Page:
How I can help?

I can provide help with a variety of common childhood/adolescent difficulties such as;

  • Understanding stages and ages of Child and Adolescent Development
  • Difficult childhood behaviours such as non-compliance, tantrums, aggression, sleep problems, hyperactive behaviour, impulsivity, faddy eating, attachment issues, and sibling problems
  • Family breakdowns, loss, separation adjustment issues and blended families
  • Trauma, adjustment reactions
  • Anxieties, worries and obsessive-compulsive disorder (OCD,) low moods and depression
  • Self harm
  • Anger
  • School related difficulties, bullying, peer problems and loneliness
  • Social and friendship difficulties, confidence issues
  • Chronic fatigue
  • Exam stress

My approach focuses on recognising, promoting and enhancing existing strengths, resources and resilience of each individual in the family system and providing information, strategies and techniques to help contain problematic behaviours by using behavioural modification and management principles such as praise, encouraging play and interaction, devising realistic reward programmes.

I am able to provide parents with support and advice relating to the setting of appropriate limits and boundaries and with maintaining a consistent approach. All of this with the ultimate aim of helping a child to feel safe, secure and contained which in turn leads to the enhancement of relationships, attachments, interaction and improvements in family life.

I am able to engage with children and young people across stages and ages of development to develop and establish trusting and supportive relationships, without which no meaningful work can take place.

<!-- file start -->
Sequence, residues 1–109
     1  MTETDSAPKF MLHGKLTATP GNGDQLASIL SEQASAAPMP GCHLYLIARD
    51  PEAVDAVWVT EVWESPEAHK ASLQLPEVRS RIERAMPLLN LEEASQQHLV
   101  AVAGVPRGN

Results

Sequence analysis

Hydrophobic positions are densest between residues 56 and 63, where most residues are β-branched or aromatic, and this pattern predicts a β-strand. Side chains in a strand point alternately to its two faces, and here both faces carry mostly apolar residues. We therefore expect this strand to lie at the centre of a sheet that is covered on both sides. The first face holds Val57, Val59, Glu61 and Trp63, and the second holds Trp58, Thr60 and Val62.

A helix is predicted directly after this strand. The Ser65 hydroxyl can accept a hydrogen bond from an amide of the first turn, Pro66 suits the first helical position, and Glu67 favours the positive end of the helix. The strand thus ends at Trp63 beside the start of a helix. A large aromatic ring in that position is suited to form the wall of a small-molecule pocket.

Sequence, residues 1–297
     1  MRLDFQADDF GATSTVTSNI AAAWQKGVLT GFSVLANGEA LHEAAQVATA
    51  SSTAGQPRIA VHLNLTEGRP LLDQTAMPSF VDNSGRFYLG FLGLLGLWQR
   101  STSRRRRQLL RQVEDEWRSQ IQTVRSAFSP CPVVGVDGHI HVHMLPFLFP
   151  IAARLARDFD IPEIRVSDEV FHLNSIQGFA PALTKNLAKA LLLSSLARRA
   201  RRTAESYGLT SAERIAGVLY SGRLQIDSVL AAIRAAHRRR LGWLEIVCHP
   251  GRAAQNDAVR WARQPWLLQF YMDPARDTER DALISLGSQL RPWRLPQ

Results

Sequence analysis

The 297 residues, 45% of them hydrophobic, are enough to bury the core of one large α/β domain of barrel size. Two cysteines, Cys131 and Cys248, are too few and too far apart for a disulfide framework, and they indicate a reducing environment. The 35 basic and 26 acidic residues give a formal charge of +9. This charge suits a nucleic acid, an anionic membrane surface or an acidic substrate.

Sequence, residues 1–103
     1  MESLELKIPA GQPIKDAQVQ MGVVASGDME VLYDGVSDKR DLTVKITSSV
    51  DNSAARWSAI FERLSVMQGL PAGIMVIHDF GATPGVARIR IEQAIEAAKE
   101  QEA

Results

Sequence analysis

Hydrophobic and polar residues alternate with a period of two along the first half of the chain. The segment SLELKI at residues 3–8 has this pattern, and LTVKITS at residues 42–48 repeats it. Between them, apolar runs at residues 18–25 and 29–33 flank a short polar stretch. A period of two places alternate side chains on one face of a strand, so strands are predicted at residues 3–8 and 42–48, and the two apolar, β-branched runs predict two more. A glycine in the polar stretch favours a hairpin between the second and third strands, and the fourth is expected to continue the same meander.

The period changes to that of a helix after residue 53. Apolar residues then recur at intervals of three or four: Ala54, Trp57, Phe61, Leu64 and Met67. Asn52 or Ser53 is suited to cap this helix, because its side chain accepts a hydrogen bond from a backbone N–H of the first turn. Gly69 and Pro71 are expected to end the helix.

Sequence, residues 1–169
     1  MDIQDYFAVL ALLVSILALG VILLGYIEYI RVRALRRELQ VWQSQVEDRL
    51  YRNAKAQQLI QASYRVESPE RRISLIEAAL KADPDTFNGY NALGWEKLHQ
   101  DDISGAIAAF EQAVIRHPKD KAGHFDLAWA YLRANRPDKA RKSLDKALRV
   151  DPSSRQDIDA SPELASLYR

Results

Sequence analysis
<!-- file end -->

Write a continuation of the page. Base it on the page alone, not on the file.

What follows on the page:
Children and young people are unique individuals presenting with a variety of emotional and behavioural problems some of which are transient and some of which are harder to deal with and require outside help from specialist support.

Being a parent is a rewarding but sometimes challenging experience. Whether you need help bonding with your child, support managing and supporting your child whilst they have therapy, or advice and strategies for more positive parenting I can work with you to achieve your aims.

Who will attend?

The focus of therapy and with whom will be discussed and agreed upon when we meet. The age, developmental levels, understanding and capacity of the child alongside the presenting difficulties of the child will of course influence this decision.

It is my priority to make sure a safe and trusting relationship with all children, young people and families is built (without which no meaningful work can take place) so you feel confident exploring things, which are often difficult.

The first thing that will happen is I will meet with whoever in your family wants to attend that is important to you. I may meet with your child individually, depending on the difficulties, their age and whether this will be the most beneficial. Following assessment (with adolescents) I often then offer to meet with young people individually, plan family sessions or offer a combination of both.

During these early appointments I will be working with you to build up a picture of what the problems are and how to address them. Once we have reached a shared understanding and if everybody is happy therapy will then begin.

I hope this information has been useful and informative. If you would like to discuss any of the issues above or issues that your child may be experiencing that I have not mentioned please feel free to contact me so we can think together about how to proceed.


Further information can be found below;

www.babcp.com
www.youngminds.com
www.acamh.org.uk
www.nice.org.uk
www.rcpsych.ac.uk
www.getselfhelp.co.uk
www.understandingchildhood.net

Please note: I have no responsibility for the endorsement of any of the above particular sites nor am I responsible for the content or accuracy. I will invite you to make your own decisions on what is relevant to you and your family. The sites listed above are widely used within local health services.